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VOL. 121 | NO. 2 | Wednesday, December 21, 2005

Hunt-Phelan Home Reopens for Business

Beale Street mansion is reinvented for lodging, dining

By Andy Meek

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NOW SERVING: David Parks mans the bar at Veranda Grill, the Hunt-Phelan Home's new bar/bistro. The property now features a bed and breakfast and formal and informal dining areas. -- Photograph Courtesy Of Hunt-Phelan Home

The mansion that towers above the corner of Beale and Lauderdale streets is a leading example of antebellum architecture, a grand relic of the Old South where generals pored over battle plans and presidents pondered urgent matters of state.

And like those men of power and influence, visitors from all walks of life can now relish the comforts of the Hunt-Phelan Home, located at 533 Beale. This month, the historic home opened to guests, who can enjoy an upscale dinner, relax in one of several bed and breakfast suites or have a drink with friends at the historic property.

Long-awaited project. The two-fold project - a bed and breakfast and a bistro and bar - has been a long-awaited dream of Memphis businessman Bud Chittom, whose partners include New Orleans restaurant consultant Joe Segreto and the home's owner, Bill Day. For them, this is one more story to tell about the historic residence, which is filled from top to bottom with echoes of its Southern heritage.

The partners have done no real marketing yet, but word is already trickling out. In the past week, Clear Channel Communications and Memphis Magazine have thrown Christmas parties in the home. Dinner menus at the bistro are being refined, and Chittom hopes to begin hosting special events in an outdoor garden area once the weather warms up.

"We're bringing in a lot of Christmas parties now," said Chittom, a local restaurateur who has an interest in businesses including Blues City Cafe, among others. "We're not advertising yet, and we don't have a sign on the street. We opened up first with half the menu and half the house, and now we're up to a little more of the menu."

"We've been here 15 months, and we've addressed everything it takes to make a successful fine dining restaurant, a little bistro/grill and a bed and breakfast."
- Bud Chittom
partner, Hunt-Phelan restoration project

A rich history. The home has a well-established reputation as the oldest antebellum residence in the city that is open to the public. It has been in the same family for 178 years. William Hunt, a former owner and a close friend of Jefferson Davis, was a Confederate colonel during the Civil War.

Several Union generals, including Ulysses S. Grant, used the home as a personal headquarters during the war, after which the home was used as a makeshift hospital for convalescing federal soldiers. Today the mansion's location puts it at the crossroads of history and commerce - and in the hands of a few plucky entrepreneurs eager to reverse its recent fortunes.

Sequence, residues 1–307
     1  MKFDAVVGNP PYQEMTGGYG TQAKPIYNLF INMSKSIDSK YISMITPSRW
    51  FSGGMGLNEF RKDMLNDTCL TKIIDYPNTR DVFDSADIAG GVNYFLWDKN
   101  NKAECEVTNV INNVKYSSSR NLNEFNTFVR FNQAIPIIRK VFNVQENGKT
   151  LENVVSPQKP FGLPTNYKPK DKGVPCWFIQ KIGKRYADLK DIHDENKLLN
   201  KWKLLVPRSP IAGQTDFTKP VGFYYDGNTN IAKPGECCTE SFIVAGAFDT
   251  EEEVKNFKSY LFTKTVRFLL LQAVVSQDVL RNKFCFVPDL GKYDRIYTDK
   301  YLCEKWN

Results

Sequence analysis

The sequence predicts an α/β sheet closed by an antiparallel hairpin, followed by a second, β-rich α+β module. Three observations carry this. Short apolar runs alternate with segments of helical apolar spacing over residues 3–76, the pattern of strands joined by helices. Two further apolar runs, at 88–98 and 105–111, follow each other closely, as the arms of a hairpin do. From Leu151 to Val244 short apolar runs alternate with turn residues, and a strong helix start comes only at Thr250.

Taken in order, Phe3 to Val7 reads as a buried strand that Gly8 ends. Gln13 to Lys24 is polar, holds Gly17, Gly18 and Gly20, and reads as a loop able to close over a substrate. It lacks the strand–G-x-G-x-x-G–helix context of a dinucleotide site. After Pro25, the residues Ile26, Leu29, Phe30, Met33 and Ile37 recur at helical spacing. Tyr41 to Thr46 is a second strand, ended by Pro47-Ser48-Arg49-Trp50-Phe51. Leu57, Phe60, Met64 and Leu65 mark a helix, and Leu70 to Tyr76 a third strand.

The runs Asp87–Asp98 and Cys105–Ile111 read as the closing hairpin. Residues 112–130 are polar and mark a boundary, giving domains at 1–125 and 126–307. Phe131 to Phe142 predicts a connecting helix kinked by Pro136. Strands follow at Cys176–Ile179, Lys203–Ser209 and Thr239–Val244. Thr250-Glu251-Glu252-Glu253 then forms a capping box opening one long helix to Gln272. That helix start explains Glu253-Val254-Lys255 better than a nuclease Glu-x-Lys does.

During the '90s, Day opened the home as a public museum, a short-lived venture that was overwhelmed by the home's acreage and upkeep needs. Since then, years of work and millions in restoration dollars have been spent on the property.

"This became the ultimate idea for the home," said Alexandra Turner, a spokeswoman for the project. "Not only can the public tour it - they can come and partake in it."

Dining at the mansion. Besides the bed and breakfast suites upstairs, the project includes a fine dining area -named Dinner in the Mansion - and a laid-back bar in the back of the home, the Veranda Grill. The fare is essentially Creole cuisine with a country French influence.

The menu for Dinner in the Mansion includes such entrees as grilled duck breast with pecan butter sweet potatoes and herb-roasted Cornish hen. In the Veranda Grill, guests can order salads and smaller plates, such as grilled Georgia quail and French onion soup.

"We've been here 15 months, and we've addressed everything it takes to make a successful fine dining restaurant, a little bistro/grill and a bed and breakfast," Chittom said. "I think we're at about 11 entrees, maybe 10 appetizers, and back of the house there are a lot of small plates and shared items."

Turner said the new additions are currently open to the public Wednesday through Saturday nights. Eventually, the property will offer a Sunday brunch. This week, visitors can stop by for a Christmas Eve dinner.

"Eventually, they'll go to being open every night, with maybe lunch as well," Turner said. "They have a full stage outside where they can do weddings and live bands, and it's the perfect place to have a reception. But it's all been kind of a work in progress."

Adaptive reuse. Progress being the operative word. Day has been criticized by preservationists for several recent decisions he has made about the home, including the construction of condos next door and the sale of furniture and other accoutrements several years ago.

But everyone involved in the current project believes the changes preserve one of the most charming, historically priceless destinations in the city.

"These houses, if you don't use them, you lose them," Chittom said. "Adaptive reuse is the highest and best use. It's what keeps our architectural heritage, and that's what we've worked real hard on."

Property amenities. Another addition the partners have worked on can be found right outside the home's front door. In addition to the lure of history, the mansion offers another amenity - free parking, a rare find Downtown - along with a 10-person golf cart that can shuttle guests to places such as FedExForum and back again.

"And I have a feeling that's going to go over well in the spring," Turner said.

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